a disk clamp for concentrically clamping the stack of information storage disks in axial alignment with said spindle hub, said disk clamp having a downwardly projecting peripheral ring of a predetermined diameter having a bottom surface facing a surface of said dummy disk, when said disk clamp is screwed on the spindle hub for concentrically securing the stack of information storage disks to said spindle hub.
12. The disk drive system of claim 11, further comprised of said metal plate being formed by stainless steel.
13. The disk drive system of claim 11, further comprised of said metal plate being formed by aluminum.
14. The disk drive system of claim 11, further comprised of said damping portion being formed by a polymeric compound.
15. The disk drive system claim 11, further comprised of said spacer means being resilient for enabling the information storage disks to expand and contract radially in relative to the spindle hub to avoid axial and radial displacements of the clamped information storage disks.
Description
CROSS-REFERENCE TO RELATED APPLICATIONS

This application makes reference to, incorporates the same herein, and claims all benefits accruing under 35 U.S.C. 119 from an application for Spindle Hub Assembly Of Hard Disk Drive earlier filed in the Korean Industrial Property Office on 13 Jul. 1995, and there duly assigned Ser. No. 20647/1995.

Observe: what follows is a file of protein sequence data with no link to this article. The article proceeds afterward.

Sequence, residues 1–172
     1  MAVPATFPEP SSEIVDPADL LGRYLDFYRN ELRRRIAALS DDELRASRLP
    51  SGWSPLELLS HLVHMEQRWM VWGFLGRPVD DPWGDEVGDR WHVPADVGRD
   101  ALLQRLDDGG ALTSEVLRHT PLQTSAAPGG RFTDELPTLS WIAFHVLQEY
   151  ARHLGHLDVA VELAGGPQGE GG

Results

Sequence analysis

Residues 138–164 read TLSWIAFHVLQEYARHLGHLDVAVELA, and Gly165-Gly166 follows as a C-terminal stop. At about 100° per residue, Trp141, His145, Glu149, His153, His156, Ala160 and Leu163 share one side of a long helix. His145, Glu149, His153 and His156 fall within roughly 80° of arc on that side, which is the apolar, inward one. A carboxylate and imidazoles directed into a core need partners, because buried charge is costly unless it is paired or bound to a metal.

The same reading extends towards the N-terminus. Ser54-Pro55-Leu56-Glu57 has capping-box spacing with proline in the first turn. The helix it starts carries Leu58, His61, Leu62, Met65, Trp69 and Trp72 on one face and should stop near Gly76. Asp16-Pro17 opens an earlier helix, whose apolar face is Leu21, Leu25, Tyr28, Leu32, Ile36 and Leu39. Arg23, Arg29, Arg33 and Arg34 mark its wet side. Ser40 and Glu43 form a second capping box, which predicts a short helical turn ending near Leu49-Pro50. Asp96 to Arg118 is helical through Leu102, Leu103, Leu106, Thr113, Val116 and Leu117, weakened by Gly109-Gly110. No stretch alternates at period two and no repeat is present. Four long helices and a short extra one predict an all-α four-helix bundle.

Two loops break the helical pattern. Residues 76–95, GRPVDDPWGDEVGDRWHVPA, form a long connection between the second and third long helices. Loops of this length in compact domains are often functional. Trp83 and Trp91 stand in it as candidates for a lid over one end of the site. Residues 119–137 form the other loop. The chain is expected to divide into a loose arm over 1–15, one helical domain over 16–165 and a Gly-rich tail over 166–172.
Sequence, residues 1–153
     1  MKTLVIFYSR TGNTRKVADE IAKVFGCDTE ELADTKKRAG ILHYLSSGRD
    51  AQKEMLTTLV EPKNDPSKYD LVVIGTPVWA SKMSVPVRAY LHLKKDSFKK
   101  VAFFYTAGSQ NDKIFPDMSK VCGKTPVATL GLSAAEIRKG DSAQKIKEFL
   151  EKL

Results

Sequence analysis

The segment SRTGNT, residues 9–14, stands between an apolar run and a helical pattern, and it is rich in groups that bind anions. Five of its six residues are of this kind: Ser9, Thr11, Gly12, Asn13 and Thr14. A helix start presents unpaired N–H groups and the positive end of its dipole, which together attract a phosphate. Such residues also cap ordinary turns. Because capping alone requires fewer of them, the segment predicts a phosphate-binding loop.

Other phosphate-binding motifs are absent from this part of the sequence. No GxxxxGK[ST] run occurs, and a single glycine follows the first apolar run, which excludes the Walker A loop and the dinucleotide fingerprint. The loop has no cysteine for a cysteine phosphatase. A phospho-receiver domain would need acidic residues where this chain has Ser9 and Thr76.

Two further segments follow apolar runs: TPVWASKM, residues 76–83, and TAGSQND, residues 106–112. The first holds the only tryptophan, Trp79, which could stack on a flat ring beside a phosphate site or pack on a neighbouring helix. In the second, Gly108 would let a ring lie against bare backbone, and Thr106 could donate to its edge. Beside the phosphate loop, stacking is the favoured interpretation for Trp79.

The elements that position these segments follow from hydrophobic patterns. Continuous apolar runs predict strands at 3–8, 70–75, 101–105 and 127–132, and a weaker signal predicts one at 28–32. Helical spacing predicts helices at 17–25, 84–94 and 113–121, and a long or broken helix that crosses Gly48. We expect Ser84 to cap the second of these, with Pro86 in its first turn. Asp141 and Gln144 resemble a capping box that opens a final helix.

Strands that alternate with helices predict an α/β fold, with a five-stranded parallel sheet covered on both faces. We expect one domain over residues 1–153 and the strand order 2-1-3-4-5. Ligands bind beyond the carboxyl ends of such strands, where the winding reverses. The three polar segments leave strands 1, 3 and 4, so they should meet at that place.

CROSS-REFERENCE TO RELATED APPLICATIONS

This application makes reference to, incorporates the same herein, and claims all benefits accruing under 35 U.S.C. 119 from an application for Spindle Hub Assembly Of Hard Disk Drive earlier filed in the Korean Industrial Property Office on 13 Jul. 1995, and there duly assigned Ser. No. 20647/1995.

BACKGROUND OF THE INVENTION

1. Technical Field

The present invention relates to an improved spindle hub assembly for mounting storage disks for rotation within in a hard disk drive, and more particularly relates to an improved spindle hub assembly in which a dummy disk is used as a buffer between a disk clamp and storage disks to absorb spurious vibrations and minimize stress concentrations and disk distortion when the storage disks are mounted for rotation within the hard disk drive.

2. Background Art

Generally, disk drives can be grouped into magnetic disk drives such as a floppy disk drive and a hard disk drive which are used as an auxiliary memory in a computer, and optical disk drives such as a compact disk-read only memory (CD-ROM) and a magneto optical disk drive which are used as media in a multimedia environment including audio, video and alike.

In a hard disk drive used as an auxiliary memory for a computer, a magnetic head floating on a recording surface of the magnetic disk at a predetermined flying height operates for recording and reproducing data on the magnetic disk through magnetic flux. Accordingly, in order to increase data storage capacity of the magnetic disk drive and other data storage devices, it is of importance that a recording density of the magnetic information on the magnetic disk is enhanced, and that the magnetic disk drive is packaged with as many disk as possible.